Los Angeles Times
Tennessee GOP leader pauses social media use amid scandal
Lieutenant governor drew attention for his comments on risque photos of a gay model.
NASHVILLE — Tennessee Lt. Gov. Randy McNally, a Republican, announced on Monday that he was “pausing” all social media activity after revelations that he had repeatedly commented on posts of nearly nude photos of a young gay model and other LGBTQ personalities.
McNally, 79, initially said last week that he “had no intention of stopping” when pressed about why he repeatedly commented on racy social media posts by the 20-year-old model.
He later issued an apology, saying it was not his intention to embarrass his friends, family or members of the state Legislature.
However, he has since received national attention — including being parodied on “Saturday Night Live” — with critics accusing him of being hypocritical.
McNally has supported legislation to restrict where certain drag shows can take place, and has highlighted his support of “traditional marriage” and of bills that “keep obscenity out of the public sphere.”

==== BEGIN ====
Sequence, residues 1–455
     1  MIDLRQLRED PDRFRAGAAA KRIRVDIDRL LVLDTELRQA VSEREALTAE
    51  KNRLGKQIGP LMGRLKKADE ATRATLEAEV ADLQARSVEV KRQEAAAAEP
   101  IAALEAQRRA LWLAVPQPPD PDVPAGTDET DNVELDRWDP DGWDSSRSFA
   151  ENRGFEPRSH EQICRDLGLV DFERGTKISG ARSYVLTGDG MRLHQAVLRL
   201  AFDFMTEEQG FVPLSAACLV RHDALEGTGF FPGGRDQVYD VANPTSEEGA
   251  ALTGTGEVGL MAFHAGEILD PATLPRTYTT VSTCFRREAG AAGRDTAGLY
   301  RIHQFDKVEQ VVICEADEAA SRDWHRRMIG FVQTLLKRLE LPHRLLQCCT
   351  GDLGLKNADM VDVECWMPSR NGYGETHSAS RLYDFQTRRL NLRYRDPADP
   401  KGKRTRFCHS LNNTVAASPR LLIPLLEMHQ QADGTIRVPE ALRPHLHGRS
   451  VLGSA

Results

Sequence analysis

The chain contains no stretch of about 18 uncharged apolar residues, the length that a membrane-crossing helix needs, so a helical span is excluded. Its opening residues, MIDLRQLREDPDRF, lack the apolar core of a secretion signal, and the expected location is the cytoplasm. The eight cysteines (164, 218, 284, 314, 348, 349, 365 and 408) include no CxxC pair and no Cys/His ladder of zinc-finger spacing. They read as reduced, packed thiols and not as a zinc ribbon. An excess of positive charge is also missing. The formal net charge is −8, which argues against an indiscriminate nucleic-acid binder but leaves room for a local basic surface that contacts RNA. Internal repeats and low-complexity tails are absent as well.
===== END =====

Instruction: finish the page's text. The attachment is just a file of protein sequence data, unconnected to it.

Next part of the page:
Some of the posts that have sparked the most uproar include his comment on a photo of the model’s backside, clad only in underwear. McNally wrote, “you can turn a rainy day into rainbow and sunshine,” then added a comment using only heart and fire emojis.
In a separate post, he wrote a heart emoji on a photo of the man pulling down his underwear.
“While I see now that I should have been more careful about how my comments and activity would be perceived, my intent was always engagement and encouragement,” McNally said in a statement. “For this reason, I will be pausing my social media activity in order to reflect and receive more guidance on the use of social media.”
McNally added that although he may have made “some mistakes,” he disagreed that he had a record of being “anti-gay.”
He pointed to his opposition to a 2020 law that assured continued taxpayer funding of faith-based foster-care and adoption agencies even if those organizations exclude LGBTQ families and others based on religious beliefs.
Yet McNally then pointed to his support of “traditional marriage” and anti-publicobscenity bills.
“There is no contradiction here,” he said.
McNally became lieutenant governor in 2017, and has been a state lawmaker since the late 1970s.